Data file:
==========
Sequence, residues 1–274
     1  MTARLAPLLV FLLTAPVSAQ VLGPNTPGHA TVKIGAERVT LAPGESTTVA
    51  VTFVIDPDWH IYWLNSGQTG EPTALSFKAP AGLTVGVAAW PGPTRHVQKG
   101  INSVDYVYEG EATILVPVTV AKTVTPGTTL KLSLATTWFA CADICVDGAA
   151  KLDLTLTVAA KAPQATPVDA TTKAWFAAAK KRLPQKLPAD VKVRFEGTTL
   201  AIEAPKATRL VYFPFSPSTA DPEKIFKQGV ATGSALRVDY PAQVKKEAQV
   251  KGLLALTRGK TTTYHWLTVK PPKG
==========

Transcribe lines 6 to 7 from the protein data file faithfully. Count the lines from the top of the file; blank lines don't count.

   201  AIEAPKATRL VYFPFSPSTA DPEKIFKQGV ATGSALRVDY PAQVKKEAQV
   251  KGLLALTRGK TTTYHWLTVK PPKG